The Mississauga Marathon race weekend started on Saturday, April 30, 2016 in the evening with the 10 kilometre race. It just so happens that the race route take the runners directly past my home in Port Credit, Ontario, Canada. It then proceeds along the shores of Lake Ontario to the Lakefront Promenade Park finish line. If everyone wasn’t running so hard and exerting such extreme effort, you MIGHT actually enjoy a most scenic part of town. Of course, if you paused to savor the sheer beauty of the route, you would NOT truly be running a race now would you???
For the past number of years (this was the 12th annual race), the old coach has been positioned at the top of our driveway wearing my giant Mickey Mouse gloves and enthusiastically cheering on the runners. As you can see from the video clips, they actually make a sincere effort to high five, low five, fist pump or do some combination thereof to said gloves. It never ceases to amaze me how many runners look forward to me being somewhere on a race route with my gloves – a little thing that obviously makes a positive impact on runners when they are in a tough spot mentally and physically.
On Sunday morning, May 1 (my special day – birthday, in other words!), I got out on the marathon and 1/2 marathon courses to coach, motivate and accompany a few of my runners past and present. It was one of the nastiest race mornings I have witnessed – at least in the Canadian springtime – driving rain, 3 Celsius temperature, powerful south-easterly winds…and 2 metre waves crashing on the shore. The spray actually hit the runners at certain points. In spite of this, all of the runners persevered and most crossed the finish line.
Now, back to the coach and the race route. Being in a perfect position around the 15 kilometre mark, I got shots of our local Running Room manager (Lucas) who, as an elite marathoner, finished 4th overall in just over 2:30. He moves like a cat!
Not TOO far behind Lucas came the 1st female marathoner. She looked exceptionally strong – albeit, this was only 15 kilometres into the 42.2 kilometre total. I can say she still looked strong when I saw her again at 32 kilometres.
My real mission was to seek out one of my longtime marathon clients (and good friend), Dave Harris, and support him along the route. He was just in front of the 3:40 pace bunny – exactly where he needed to be for a Boston qualifying time – at the 14.5 kilometre mark. He looked calm and strong at this point.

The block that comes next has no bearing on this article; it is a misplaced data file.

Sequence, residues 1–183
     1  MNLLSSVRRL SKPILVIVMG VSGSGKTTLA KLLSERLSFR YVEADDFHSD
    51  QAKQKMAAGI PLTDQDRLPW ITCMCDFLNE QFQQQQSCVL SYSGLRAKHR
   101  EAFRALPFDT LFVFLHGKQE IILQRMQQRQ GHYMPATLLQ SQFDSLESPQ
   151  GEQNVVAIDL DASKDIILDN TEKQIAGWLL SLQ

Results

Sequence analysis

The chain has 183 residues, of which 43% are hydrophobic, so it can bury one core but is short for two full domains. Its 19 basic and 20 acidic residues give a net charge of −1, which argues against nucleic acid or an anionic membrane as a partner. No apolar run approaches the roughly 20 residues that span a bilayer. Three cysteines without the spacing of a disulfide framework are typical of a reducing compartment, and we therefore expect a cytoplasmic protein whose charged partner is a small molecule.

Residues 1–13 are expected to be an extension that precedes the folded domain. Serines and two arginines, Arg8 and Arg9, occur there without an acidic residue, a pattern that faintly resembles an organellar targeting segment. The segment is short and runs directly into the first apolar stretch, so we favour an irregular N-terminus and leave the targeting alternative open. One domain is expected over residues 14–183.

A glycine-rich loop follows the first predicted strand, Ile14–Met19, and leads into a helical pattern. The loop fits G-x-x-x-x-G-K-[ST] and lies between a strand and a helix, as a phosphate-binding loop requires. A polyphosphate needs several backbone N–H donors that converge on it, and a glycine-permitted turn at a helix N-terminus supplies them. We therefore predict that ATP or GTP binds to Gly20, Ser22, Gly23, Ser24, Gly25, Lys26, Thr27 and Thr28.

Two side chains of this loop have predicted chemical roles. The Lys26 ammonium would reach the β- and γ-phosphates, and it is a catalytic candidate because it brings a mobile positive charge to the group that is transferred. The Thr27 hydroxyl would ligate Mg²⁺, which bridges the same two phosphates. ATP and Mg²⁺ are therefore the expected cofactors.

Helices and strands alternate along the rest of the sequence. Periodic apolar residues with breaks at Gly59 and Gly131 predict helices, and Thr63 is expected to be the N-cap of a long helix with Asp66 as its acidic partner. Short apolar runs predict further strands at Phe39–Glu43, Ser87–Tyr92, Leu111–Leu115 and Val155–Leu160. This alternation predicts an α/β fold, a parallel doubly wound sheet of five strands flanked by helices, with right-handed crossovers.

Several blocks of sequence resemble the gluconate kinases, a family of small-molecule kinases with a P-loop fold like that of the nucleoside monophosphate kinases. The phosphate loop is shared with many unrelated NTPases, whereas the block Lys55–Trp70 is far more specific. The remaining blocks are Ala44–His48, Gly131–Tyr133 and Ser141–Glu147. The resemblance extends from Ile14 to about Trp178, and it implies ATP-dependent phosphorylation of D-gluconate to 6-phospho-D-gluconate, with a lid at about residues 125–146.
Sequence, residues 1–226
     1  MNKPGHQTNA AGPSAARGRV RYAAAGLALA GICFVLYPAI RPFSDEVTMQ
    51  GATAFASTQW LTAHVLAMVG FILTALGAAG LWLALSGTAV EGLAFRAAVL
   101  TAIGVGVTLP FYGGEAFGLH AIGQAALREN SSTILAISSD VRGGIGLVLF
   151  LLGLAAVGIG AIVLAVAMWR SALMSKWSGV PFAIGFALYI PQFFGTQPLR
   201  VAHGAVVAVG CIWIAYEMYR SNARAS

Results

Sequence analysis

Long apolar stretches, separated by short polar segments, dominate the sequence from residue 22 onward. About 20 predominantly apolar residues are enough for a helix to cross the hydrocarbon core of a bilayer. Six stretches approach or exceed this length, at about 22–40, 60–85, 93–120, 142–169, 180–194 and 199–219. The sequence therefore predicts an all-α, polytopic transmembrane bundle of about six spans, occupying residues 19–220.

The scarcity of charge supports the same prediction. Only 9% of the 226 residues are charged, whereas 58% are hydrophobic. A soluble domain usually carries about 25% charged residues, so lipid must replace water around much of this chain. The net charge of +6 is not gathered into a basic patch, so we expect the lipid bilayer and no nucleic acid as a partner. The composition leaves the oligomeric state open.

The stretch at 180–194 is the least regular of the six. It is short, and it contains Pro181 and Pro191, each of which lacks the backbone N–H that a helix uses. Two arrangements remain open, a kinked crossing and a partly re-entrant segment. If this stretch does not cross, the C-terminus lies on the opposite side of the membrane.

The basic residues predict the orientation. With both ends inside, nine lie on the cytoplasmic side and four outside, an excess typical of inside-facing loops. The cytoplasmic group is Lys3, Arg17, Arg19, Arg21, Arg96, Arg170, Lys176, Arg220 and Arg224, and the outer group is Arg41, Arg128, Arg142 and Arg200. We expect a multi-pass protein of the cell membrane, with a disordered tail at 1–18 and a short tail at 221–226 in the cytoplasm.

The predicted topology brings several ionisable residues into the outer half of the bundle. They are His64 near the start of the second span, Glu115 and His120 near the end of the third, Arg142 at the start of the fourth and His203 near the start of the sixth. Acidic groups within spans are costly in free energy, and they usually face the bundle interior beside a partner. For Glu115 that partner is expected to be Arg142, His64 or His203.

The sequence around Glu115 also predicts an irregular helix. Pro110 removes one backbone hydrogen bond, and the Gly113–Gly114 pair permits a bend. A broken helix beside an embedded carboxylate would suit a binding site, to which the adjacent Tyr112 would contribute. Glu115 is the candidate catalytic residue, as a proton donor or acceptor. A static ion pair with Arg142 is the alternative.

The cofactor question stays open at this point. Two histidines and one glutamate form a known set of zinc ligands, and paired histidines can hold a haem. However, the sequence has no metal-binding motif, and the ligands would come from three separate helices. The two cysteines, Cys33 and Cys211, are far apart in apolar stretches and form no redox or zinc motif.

I also got a shot of Dave as he ran past the 16.5 kilometre mark, still looking relaxed and powerful. This was a good sign moving into the next quarter of the race. He was staying low, tight, light and forward – perfect squat-scoot technique. His shoulders were down and back and his head and neck relaxed with arms driving forward with purpose.
After riding out to the 31 kilometre mark, I quickly realized that the severe weather and sheer magnitude of running so far would take a major toll on ALL of the marathoners. As you can see, the 31 kilometre marker looked lonely and forlorn above my bike. It would stay like that for much of the race. The gaps between runners were significant – it was quite simply too difficult to hold on with a number of like-pacing runners.
By the time Dave hit the 31 kilometre marker, the wheels had started to fall off. I immediately hopped on my bike and started doing what I do best – pull a rabbit out of my runner’s hat and get them to the finish line!
I found out later that Dave started to cramp slightly in his legs around the 22 kilometre mark. At that point, he was still right with the 3:40 pace bunny. Dave knew, though, that if he kept pace, the cramping would be so severe as to cause him to walk it in. Both of us were not about to let that happen. Dave dropped down his pace but NEVER walked – a major accomplishment, all things considered. With me pulling out every motivational, insightful coaching tip in my repertoire, Dave kept up a sub 4:00 pace to the finish. He quite simply did NOT give in. After all, this was his 12th consecutive Mississauga Marathon – where he has committed to doing another 7. This totals 19 in a row completed – a promise that Dave made to his son, Cameron, who passed away at age 19.
I am proud of Dave and what he accomplished on May 1. His commitment to Cameron and CameronHelps knows no bounds. Mark my words…sooner rather than later, he will conquer the cramping and then conquer Boston.
A number of my other Team Over The Toppers are racing later in May and June. Kerry is taking on the Ottawa Marathon on May 29 whilst Kristen, Iona and Lauri are running the Niagara Nike Women’s 1/2 Marathon on June 5. Also on June 5, a number of my runners will be doing the MADD Strides For Change 5 kilometre walk/run in Port Credit, Ontario – an event that I co-direct.
If you are thinking about doing a race, consider joining one of my run clinics. It will be a life-changing experience for you!!